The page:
Monday, July 27, 2009


This note either finds you A) completely oblivious to the summer I've had, B) a product of the rumor mill, or C) someone who kind of knows what's going on but doesn't know all the details.

So let me clear it up...

To make a long story shorter, I have always been the kind of person who joins organizations and seeks leadership opportunities. I have always tried to be the best at what I am involved with. As a result, from sophomore year of high school until this moment, I have been recognized in several different avenues as a go-getter, as someone who can get things done. I wasn't and am not perfect, and sometimes I drop the ball, but I am a very hard worker.

I realized during my years at OCU that I had a tendency toward workaholism. My freshman year, I was the editor-in-chief of a publication and a sorority officer and an award-winning staff-writer for the campus newspaper. I had a mini-burnout sophomore year, where I quit the paper and changed my major. I started to change it to English Education but when I realized that required fifteen hours of student teaching a week, I settled for just an English major with an emphasis in writing.

People have always told me I should teach, but for some reason I have always fought against that assertion. When I was a sophomore I had too many other extra curricular obligations for student teaching.

My best friend and roommate transferred from OCU after sophomore year. She had decided that instead of being a career dancer, she wanted to study and likely teach math. That and OCU was getting too expensive. I thought about making the same move, but I had a sorority and several organizations that I didn't want to leave. I had always thought "you get what you pay for" and so the fact that OCU was expensive meant it was the best possible thing.

Junior year was basically a mass of mini-breakdowns. From a broken heart in November to a spiritual battle over Christmas break. The mini-panic attacks started in February. I know I was playing at least seven different roles at that time and I didn't want to quit any of them. My friend Christian kept telling me I need to drop a few things and focus on school but I was bound and determined to do it all, to be superwoman.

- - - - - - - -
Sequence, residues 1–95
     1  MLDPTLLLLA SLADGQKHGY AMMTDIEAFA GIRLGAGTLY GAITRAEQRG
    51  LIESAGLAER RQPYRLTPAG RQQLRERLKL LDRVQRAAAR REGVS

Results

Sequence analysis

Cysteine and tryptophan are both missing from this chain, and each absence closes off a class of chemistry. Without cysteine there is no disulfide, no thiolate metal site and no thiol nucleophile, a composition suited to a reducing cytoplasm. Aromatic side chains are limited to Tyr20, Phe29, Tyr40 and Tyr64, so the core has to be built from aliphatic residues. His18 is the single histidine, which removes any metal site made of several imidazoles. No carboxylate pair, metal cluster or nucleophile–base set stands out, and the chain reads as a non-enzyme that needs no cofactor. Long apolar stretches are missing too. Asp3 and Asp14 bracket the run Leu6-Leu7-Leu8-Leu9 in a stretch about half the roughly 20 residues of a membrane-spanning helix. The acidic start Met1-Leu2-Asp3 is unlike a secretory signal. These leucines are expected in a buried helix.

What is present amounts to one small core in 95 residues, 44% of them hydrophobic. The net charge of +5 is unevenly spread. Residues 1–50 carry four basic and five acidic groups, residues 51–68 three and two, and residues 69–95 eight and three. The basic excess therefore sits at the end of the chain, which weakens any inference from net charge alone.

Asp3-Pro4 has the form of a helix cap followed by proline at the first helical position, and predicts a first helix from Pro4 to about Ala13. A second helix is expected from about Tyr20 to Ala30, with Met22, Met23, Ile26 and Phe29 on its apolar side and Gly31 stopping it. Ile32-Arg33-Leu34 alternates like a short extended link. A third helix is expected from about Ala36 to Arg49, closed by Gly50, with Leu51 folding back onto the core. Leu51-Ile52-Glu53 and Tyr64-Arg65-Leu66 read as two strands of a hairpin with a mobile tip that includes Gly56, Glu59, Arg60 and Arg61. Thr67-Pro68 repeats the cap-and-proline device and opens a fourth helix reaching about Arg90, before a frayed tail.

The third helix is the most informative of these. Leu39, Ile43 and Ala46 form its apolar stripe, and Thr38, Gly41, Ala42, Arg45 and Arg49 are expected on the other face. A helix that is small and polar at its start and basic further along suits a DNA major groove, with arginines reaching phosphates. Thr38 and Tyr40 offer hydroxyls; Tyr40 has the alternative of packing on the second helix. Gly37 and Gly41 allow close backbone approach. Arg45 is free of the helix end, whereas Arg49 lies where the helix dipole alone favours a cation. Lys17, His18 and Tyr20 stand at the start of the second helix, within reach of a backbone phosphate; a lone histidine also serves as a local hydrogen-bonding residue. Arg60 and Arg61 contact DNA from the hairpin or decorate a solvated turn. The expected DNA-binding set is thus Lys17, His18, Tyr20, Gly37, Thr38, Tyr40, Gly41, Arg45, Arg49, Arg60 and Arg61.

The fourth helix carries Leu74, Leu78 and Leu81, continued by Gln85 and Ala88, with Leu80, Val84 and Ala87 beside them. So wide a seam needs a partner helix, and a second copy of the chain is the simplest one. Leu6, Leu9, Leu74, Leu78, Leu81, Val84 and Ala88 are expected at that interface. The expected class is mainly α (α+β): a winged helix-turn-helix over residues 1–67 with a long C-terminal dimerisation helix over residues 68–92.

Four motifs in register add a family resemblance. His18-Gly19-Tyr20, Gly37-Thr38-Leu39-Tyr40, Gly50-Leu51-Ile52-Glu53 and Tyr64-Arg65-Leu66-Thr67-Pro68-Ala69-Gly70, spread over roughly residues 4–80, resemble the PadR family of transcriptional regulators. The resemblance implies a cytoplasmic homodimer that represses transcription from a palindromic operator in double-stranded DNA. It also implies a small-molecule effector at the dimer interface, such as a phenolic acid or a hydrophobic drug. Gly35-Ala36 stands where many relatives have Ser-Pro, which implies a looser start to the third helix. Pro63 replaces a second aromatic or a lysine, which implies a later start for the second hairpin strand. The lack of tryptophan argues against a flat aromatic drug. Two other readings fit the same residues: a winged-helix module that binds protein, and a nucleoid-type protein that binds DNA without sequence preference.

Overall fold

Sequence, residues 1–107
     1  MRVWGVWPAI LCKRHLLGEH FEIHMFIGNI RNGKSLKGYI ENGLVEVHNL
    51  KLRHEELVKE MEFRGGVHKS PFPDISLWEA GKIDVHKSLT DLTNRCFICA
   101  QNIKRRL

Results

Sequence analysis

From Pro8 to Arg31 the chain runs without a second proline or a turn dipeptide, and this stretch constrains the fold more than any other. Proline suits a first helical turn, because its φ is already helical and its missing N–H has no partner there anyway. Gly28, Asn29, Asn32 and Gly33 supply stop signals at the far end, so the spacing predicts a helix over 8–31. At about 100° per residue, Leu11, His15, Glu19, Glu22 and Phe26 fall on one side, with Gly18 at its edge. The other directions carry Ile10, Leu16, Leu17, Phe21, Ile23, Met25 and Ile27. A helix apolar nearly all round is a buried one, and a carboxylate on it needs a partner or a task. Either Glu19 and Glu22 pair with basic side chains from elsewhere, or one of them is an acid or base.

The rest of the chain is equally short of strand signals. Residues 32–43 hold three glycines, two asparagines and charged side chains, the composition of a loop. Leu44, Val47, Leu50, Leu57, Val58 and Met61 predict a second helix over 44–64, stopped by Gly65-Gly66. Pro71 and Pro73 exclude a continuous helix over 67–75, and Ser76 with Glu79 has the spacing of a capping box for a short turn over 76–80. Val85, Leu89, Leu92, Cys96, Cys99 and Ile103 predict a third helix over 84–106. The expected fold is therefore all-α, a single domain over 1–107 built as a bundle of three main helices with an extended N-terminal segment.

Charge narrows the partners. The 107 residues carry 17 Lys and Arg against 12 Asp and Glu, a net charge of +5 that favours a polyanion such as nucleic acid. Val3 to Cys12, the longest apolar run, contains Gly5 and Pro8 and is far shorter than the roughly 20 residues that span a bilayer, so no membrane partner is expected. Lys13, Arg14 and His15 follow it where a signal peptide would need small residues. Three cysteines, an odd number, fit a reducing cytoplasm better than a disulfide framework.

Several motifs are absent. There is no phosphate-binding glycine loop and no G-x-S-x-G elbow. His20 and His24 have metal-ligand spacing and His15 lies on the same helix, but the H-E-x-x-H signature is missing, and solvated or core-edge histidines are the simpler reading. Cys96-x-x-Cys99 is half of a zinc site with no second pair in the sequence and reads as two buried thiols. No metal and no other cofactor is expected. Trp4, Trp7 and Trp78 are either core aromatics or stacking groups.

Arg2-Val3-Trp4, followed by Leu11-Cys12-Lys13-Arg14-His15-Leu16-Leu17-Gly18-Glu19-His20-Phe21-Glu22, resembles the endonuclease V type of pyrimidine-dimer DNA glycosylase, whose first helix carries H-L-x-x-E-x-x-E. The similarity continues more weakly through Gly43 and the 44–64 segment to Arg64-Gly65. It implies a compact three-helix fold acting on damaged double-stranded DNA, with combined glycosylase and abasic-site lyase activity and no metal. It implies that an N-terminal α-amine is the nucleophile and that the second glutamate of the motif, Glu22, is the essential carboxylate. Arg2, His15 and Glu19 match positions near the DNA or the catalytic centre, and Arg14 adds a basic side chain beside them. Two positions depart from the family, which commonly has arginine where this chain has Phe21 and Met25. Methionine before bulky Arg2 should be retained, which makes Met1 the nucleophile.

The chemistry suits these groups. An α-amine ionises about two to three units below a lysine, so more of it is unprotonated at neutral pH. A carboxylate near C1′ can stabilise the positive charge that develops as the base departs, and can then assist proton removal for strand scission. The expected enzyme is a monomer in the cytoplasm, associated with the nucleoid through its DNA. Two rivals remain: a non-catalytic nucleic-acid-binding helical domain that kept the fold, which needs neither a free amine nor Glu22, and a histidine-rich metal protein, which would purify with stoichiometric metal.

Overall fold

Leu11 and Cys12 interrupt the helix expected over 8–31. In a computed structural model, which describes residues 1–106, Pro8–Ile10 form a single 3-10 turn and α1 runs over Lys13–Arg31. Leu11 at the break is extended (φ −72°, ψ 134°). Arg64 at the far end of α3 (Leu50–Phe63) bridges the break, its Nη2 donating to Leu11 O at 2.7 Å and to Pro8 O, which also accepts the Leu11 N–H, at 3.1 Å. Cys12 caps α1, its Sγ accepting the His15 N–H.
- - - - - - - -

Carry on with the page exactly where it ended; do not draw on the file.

I made it to the end of the year without really quitting anything, and if I remember right I didn't majorly let anyone down, but I will say that if my professors hadn't been generous and understanding, I would have failed three of my classes. I spent very little time sleeping and a lot of time crying. Jennifer can tell you that I told her several times, "If it wasn't for Alpha Chi I would leave." She and I even discussed my moving to Kansas with her to study and teach. But, I felt like I absolutely had to finish what I had started at OCU.

At this point in the story I have to pause and say, I'm sure there are a number of you who think that I should still finish what I started. It's just one more year, people are counting on me, I can do it, etc.
If you are not inclined to make huge life decisions based on a moment, you probably will never understand this. But I encourage you to read on so that at least you will know the real story.

In case you didn’t know, I’m a poet. I have spent the last 15 months or so observing the local poetry scene – which is fantastic – and trying to decide where I fit in it.
I’m also a Christian. Regardless of how I’ve struggled with that label for the last few years, I am a Christian, albeit a liberal one, and a churchgoer.

On May 21, I was watching TV and passed by a show that my poet friends had been telling me about. Brave New Voices is a youth poetry slam competition that the admirable Russell Simmons decided to turn into an HBO series. Kids ranging from 14 to 19 years old perform (approximately) three-minute poems individually or as groups. I have seen several poetry slams and even more non-competitive performances, but the youngest people I ever saw participating were myself and one other 19-year-old. I specifically remember thinking I had to wait until I was older and had experienced more of the world to be able to write poems good enough for performance and competition. Brave New Voices taught me that I was wrong. No offense to the mature poets I know, but I heard better, more raw, more real, more hard-hitting poetry come out of those kids than I had heard come out of adults.

Right after I saw the competition, I cried because I thought I had missed my chance. I am too old to go to youth slam competitions. I’m officially an adult (as of Saturday). But the second time I was watching the shows, I started paying attention to the coaches of the youth teams. I could say a light bulb turned on in my head but it was really more like a lightning bolt. If I can hone my skills as a performance poet, it’ll be okay that I can’t compete in the youth circuit because I might be able to coach in it.

That thought led to a second thought: I want to teach English. I want to spend my all day everyday working with high school aged kids, teaching them to appreciate (or at least understand) literature, to express themselves with correct grammar – verbally and in written form, and, if they are so inclined, to become good creative writers. That’s what I want to do with my life everyday for the foreseeable future.

So I needed a plan.